January 1, 2018
The figures only registered an upward spiral since 2006, from 231.9 Mtoe in 2007, to 236.4 Mtoe in 2008, climbing up to 255 in 2010 and steadily surging to 280.2 Mtoe in 2015, as per the BP Statistical Review of World Energy.
South Korea’s oil consumption from 2006 to 2016 has witnessed ups and downs, from 107.6 Million tonnes, to being the lowest at 103.1 million tonnes in 2008, 105.0 million tonnes in 2010 and gaining to about 107 million tonnes in 2014 and finally going up to 122.1 million tonnes in 2016.
The country’s consumption of natural gas, which it seeks to embrace as an alternative to coal and nuclear energy, has been patchy through the decade from 2006 to 2016. The country had comparatively lower levels of natural gas consumption from 2006 to 2009, ranging between 28.8 Mtoe to 30.5 Mtoe. The figure kept rising higher till 2012 to 45.2 Mtoe, peaking at 47.3 Mtoe in 2014 but seeing a declinein 2015, where the consumption was just 39.3 Mtoe. South Korea’s natural gas consumption stood at 40.9 Mtoe in 2016.
As for coal consumption, it peaked in the country in the year 2011 with 83.6 Mtoe of coal being consumed across the country. The consumption figures have since remained more or less stable till 2016 where coal consumption was pegged at 81.6 Mtoe, whereas from 2006 to 2007 the figure had been below 70 Mtoe. It must be noted that South Korea is the fourth-largest importer of coal in the world after China, India and Japan and Australia and Indonesia account of the majority of South Korea’s coal imports.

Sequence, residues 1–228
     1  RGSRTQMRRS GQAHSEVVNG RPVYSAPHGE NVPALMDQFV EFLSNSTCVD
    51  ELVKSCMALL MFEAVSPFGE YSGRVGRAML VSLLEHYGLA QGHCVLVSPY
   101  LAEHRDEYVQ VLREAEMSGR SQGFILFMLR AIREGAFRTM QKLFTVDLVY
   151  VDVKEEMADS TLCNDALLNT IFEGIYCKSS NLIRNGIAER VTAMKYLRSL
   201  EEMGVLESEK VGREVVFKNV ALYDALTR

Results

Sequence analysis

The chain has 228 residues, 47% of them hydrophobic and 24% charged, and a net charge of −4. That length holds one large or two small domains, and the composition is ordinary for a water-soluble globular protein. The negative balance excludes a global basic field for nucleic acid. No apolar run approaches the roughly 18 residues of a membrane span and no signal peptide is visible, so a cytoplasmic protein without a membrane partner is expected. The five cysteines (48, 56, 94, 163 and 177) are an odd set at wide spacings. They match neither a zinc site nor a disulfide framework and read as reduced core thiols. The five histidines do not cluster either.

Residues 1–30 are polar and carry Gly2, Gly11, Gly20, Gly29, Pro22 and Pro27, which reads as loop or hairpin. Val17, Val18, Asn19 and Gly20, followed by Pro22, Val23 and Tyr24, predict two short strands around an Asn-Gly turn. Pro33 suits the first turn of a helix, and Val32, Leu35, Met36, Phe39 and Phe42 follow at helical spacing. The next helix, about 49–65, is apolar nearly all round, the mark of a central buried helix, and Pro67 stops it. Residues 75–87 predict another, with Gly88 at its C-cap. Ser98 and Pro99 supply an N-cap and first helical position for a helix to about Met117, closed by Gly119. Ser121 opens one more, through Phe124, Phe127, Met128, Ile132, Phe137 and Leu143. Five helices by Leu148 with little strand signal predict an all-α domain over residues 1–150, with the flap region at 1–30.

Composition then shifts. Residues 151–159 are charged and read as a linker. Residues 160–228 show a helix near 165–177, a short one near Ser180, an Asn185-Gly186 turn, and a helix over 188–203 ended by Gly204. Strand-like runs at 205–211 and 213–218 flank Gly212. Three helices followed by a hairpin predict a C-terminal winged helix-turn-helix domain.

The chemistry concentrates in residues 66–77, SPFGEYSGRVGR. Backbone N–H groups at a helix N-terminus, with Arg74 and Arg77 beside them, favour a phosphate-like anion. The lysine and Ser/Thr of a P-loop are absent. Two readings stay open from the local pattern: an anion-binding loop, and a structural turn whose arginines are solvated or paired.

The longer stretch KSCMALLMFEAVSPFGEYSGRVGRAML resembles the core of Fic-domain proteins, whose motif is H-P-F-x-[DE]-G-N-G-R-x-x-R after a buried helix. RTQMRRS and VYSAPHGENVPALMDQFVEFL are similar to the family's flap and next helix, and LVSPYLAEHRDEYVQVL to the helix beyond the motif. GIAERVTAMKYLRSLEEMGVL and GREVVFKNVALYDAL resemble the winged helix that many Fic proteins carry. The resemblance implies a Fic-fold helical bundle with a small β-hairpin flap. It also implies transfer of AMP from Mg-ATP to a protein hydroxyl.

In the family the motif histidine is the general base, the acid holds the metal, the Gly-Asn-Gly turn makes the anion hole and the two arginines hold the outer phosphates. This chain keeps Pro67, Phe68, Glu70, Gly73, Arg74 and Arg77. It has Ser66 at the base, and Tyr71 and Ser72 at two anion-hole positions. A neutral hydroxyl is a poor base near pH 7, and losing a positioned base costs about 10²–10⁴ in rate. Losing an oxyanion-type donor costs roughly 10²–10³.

South Korea imports 45 per cent of its coal from Australia and 25 per cent from Indonesia. Russia, Canada and United States are the other major exporters of coal to South Korea, followed by China and others.
Coal is also the major contributor to electricity generation in South Korea, with a 39 per cent share in electricity generation. Fossil fuel sources account for nearly two-thirds of South Korea’s electricity generation, while the share of nuclear power is almost one third. Natural gas, oil and hydroelectricity account for 19 per cent, 6 per cent and one per cent share in the country’s electricity generation capacity.
South Korea is also making a big shift from coal and nuclear power towards natural gas and renewables. From a measly 0.1 Mtoe in 2006, the country has extended its consumption of renewable energy to 4.3 Mtoe in 2016. The decade from 2006 to2016 saw a very steady increase in the consumption of renewables, affirming the country’s commitment to balance its fuel portfolio.
However, the energy mix of South Korea, which relies on imports to meet about 98 per cent of its fossil fuel consumption owing to insufficient domestic resources, is still majorly reliant on petroleum and other liquids(41 per cent). The share of coal in the energy mix stands at 31 per cent while natural gas and nuclear have 14 and 13 per cent share respectively. The share of renewables for now is just one per cent, according to the BP statistical Review of world energy 2016.